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Why do non-Jews need 7 mitzvot while Jews need 613?

Why do non-Jews need 7 mitzvot while Jews need 613?



It seems to me that the more refined and spiritual a person will be, the less he will need commandments, as he himself will understand what is right and wrong. Just like a child needs so many more rules than an adult.

Following this logic, why do non-Jews need only seven mitzvot while Jews need 613?


Good question. Rabbi Yehuda Loewe (the "Maharal") of Prague asked the same question some 400 years ago. He explained that the true expression of G‑dliness is freedom. The human soul is G‑dly, therefore it is free to be whatever it wants, to rise to the highest heights, or, G‑d forbid, the opposite.

Therefore, whereas animals know their rules by nature and generally stick to them without being told, the human being must be commanded. The basic structure of his laws are seven, because they are meant to limit him within space: six directions plus the space within which he stands.

The Jewish soul, because it must be a light to the nations, expresses the freedom of G‑dliness even more. Therefore it must be restricted within time, as well. These are the 365 prohibitions, corresponding to the 365 days of the year (the year is the basic measurement of time).

Rabbi Tzvi Freeman for

Rabbi Tzvi Freeman, a senior editor at, also heads our Ask The Rabbi team. He is the author of Bringing Heaven Down to Earth. To subscribe to regular updates of Rabbi Freeman's writing, visit Freeman Files subscription. FaceBook @RabbiTzviFreeman Periscope @Tzvi_Freeman .
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Mr. Daniel Rivera January 20, 2011

thanks The wisdom of the Creator is magnificent, His Laws are made to help Human being find a better way to live. Reply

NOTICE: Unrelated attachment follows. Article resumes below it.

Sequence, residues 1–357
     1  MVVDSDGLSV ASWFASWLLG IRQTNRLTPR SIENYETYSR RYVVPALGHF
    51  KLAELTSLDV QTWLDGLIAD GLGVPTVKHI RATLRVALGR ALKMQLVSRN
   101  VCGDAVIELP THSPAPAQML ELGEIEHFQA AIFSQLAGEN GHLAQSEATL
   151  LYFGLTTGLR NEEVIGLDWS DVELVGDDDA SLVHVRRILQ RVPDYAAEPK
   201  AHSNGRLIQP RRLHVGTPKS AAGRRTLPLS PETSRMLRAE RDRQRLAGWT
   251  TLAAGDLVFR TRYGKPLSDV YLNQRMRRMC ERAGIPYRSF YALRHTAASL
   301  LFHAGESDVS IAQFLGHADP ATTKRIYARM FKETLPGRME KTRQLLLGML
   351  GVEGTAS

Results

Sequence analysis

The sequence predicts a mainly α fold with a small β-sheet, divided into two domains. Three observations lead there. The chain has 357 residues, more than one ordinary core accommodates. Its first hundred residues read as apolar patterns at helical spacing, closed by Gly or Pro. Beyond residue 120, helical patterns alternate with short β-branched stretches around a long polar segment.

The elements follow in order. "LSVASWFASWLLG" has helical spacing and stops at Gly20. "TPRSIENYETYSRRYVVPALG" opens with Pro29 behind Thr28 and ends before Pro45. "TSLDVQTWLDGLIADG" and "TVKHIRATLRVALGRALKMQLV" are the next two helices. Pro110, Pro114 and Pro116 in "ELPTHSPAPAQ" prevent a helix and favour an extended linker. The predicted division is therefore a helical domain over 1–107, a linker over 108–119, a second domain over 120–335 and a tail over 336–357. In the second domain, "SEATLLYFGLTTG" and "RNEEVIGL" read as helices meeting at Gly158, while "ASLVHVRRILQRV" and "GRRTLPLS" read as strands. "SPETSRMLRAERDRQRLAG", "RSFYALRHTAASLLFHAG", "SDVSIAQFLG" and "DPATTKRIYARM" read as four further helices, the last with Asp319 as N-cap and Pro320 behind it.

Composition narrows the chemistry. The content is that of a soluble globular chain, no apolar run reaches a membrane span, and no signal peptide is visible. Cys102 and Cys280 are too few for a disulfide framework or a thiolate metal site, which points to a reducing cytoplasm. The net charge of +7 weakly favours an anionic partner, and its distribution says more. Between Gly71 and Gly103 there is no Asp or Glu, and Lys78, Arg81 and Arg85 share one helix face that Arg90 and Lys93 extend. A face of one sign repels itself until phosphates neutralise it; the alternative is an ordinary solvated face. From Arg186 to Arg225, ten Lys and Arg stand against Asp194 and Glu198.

Anonymous New York, NY November 5, 2010

PC for us less understanding R T F,
in his unquestionable storyteller style again brings down heaven to earth. Sort of.

The point is simple. We say this many time a day: Rabbi Chananya Ben Akashya omar, Ratzo vehu...
In English the Good Lord of Israel wanted to reward his people so he gave him many commandments.
What was so complicated about this? Reply

t'heila May 5, 2007

My first problem with this answer is it's not an answer. Maybe it sounds good to start, but there are not 365 days in a Jewish year. My personal opinion is that the Noahide 7 are just the basics in order for the other nations to have fellowship with those of us who attempt to hold to the 613. How else could we be a light? If we only show our light around other lights and not into the darkness, what's the point?
Like I said, just my opinion. Reply

Kelly Allen Iowa USA March 21, 2007

the "other" 248 It seems Rabbi Tzvi is referring specifically to the prohibitive commands when he relates 365 Jewish laws to the 7 Noahide laws. All seven of the mitvot given to us (speaking as a ger) are prohibitions.

It seems in many ways these are the minimum requirements to avoid further destructive actions in our world, while the 248 are creative mitzvot allowing the Jew specifically to repair what is broken.

If we believe in a world where the Creator is still active (as I do) one might also assume that minimizing further destruction, in a way works toward repairing the world also, since He is ever building toward a climactic result. So whether we watch with anxious anticipation, or labor as co-creators, He shares the end result with those who have all along desired that world to come. Reply

Anonymous March 20, 2007

I don't agree with the questioner's assumption that children have more rules than adults. Adults and children have different kinds of rules - to suit their different environments and levels of responsibility. If anything, I would guess that adults must follow far more rules than children -- aside from all of the basic rules of good manners and citizenship, there are rules for driving, rules for doing taxes, workplace rules, etc., etc. Kids just basically have to try to behave themselves and go to bed on time! Reply

Estyr Zameret March 20, 2007

what about the other 248? Reply

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